Frances Hart-Ritzinger: Born either October 1879 (1) or December 1, 1879 (2) and christened Fannie Hart (1, 2), Frances first left me with the impression that the Hart family must not have been much for recordkeeping. Her parents were C. W. Hart and Victory V. Mooney (2, 3). In 1880, her family lived on Kanawha Street in Buckhannon, a few doors down from a twenty-two year old Mary Poundstone (1), who would later become the Mary P. Barlow listed in these pages!

In 1902, “Frances Mabel Hart” was the organizing regent of the Elizabeth Zane Chapter of the Daughters of the America Revolution in Buckhannon WV (4). Furthermore, a write-up from The History of Upshur County West Virginia From its Earliest Exploration and Settlement to the Present Time, by W. B. Cutright, gives a detailed history of the Hart family, and settles her birthdate as October 25, 1879. She also studied music in Florence, Italy and Dresden, Germany, completing her education in 1904 (5). Looks like I was wrong about the family being poor recordkeepers. (I looked for a passport application on Ancestry, but sadly, I didn’t find one.)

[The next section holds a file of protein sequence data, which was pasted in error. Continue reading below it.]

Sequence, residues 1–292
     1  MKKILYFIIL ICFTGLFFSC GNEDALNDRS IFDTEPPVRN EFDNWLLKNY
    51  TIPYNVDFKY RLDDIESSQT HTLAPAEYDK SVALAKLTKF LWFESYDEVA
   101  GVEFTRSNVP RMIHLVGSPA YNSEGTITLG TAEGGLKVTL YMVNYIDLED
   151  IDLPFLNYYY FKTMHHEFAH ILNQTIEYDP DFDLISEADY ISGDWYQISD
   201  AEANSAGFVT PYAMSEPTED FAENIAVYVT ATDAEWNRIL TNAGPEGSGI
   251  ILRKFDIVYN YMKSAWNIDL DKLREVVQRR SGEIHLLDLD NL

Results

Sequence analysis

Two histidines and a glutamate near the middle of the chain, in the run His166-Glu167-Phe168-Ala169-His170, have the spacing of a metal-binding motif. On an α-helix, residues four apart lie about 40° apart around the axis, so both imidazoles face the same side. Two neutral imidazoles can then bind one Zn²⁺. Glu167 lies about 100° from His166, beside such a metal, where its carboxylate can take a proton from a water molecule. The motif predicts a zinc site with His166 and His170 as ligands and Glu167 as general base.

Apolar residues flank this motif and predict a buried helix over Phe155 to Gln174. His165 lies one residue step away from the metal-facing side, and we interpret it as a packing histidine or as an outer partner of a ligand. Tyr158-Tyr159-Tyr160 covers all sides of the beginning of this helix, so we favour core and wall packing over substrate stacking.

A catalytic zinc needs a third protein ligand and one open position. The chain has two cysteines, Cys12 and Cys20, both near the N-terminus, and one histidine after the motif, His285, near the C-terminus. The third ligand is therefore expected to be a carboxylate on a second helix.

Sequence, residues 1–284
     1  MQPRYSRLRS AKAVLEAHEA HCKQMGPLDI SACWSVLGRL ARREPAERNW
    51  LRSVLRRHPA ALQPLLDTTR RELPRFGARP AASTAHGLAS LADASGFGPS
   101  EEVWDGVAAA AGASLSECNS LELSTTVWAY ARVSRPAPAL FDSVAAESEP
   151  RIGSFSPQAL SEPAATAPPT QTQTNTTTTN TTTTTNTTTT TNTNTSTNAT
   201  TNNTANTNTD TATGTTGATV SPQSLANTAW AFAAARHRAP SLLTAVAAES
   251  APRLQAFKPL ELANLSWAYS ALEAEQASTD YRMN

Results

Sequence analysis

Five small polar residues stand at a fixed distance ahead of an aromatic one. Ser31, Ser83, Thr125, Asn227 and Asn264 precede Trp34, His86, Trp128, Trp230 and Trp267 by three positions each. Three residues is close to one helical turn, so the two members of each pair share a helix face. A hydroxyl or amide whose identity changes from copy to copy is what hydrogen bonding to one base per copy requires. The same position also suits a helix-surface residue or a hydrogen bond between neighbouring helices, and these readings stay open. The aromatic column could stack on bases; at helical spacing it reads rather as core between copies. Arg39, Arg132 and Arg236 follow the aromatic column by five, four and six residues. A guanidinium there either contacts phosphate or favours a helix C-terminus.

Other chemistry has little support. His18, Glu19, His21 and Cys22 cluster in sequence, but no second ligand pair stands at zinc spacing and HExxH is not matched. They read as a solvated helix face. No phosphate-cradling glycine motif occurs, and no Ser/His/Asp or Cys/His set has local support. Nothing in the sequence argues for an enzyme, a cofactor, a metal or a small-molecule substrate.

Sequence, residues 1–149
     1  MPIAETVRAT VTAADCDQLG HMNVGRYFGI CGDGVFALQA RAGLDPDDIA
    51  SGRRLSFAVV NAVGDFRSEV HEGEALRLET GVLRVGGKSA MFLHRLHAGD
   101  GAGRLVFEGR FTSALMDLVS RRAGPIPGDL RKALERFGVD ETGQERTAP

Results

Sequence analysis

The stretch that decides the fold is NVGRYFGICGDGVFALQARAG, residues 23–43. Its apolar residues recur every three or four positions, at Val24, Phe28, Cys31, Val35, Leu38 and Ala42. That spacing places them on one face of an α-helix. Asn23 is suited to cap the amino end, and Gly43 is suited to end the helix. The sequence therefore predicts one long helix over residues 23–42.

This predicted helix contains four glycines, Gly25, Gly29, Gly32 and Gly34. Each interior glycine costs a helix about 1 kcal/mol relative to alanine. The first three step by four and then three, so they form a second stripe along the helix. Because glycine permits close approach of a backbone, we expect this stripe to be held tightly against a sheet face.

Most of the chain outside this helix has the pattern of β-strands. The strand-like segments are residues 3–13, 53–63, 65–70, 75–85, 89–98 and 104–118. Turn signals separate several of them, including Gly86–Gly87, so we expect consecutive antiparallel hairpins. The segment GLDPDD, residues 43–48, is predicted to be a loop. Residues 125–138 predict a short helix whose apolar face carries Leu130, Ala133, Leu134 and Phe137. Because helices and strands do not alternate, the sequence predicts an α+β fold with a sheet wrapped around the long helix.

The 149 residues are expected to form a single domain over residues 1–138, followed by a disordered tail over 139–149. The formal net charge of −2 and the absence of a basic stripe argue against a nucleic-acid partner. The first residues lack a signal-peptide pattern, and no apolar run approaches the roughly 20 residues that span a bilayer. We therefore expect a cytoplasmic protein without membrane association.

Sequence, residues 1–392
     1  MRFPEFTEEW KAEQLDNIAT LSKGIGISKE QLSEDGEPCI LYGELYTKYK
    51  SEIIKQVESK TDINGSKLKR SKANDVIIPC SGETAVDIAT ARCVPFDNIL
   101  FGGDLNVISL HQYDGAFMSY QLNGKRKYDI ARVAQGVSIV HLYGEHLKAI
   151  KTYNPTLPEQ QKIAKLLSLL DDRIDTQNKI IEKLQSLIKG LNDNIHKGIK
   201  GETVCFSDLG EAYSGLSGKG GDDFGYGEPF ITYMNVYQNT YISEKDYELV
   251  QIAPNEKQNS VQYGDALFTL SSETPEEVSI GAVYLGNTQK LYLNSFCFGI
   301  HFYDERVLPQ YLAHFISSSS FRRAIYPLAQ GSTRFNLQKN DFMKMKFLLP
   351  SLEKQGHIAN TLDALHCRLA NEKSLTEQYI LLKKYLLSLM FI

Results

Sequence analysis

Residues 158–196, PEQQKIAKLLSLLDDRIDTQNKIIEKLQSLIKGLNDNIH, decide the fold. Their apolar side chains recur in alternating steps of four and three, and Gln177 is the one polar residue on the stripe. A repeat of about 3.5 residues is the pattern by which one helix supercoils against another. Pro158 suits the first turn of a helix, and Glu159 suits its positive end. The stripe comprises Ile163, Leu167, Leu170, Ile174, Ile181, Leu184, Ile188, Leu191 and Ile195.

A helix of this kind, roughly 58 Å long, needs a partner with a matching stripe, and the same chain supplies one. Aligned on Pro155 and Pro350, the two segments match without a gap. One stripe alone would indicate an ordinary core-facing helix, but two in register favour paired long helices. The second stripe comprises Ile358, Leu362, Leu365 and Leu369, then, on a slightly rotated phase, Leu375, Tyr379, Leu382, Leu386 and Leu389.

On November 29, 1906, Frances married John Ramsay Ritzinger at Buckhannon WV (6). In 1910, she (and her mother Victoria) lived with her husband’s family in St Paul MN (7), but by 1920, Frances and John struck off to El Centro CA to make their home with their two children, Augustus and Virginia (8).

In 1927, her son Augustus W. Ritzinger attended West Virginia Wesleyan College and was the president of a newly organized Sigma Eta Delta Fraternity, which had its fraternity house at 20 College Avenue (9, 10). Small wonder then, as a widow in 1930, Frances would be found a sorority chaperone–but in Madison WI this time (11).

Meanwhile (in 1930), Augustus worked as an accountant in Cleveland OH (12), but twelve-year-old Virginia is nowhere to be found. By 1940, she’s living with her brother and sister-in-law in Shorewood WI (13).

Frances Ritzinger passed in 1936 and is buried with her husband at Crown Hill Cemetery in Indianapolis, IN (14).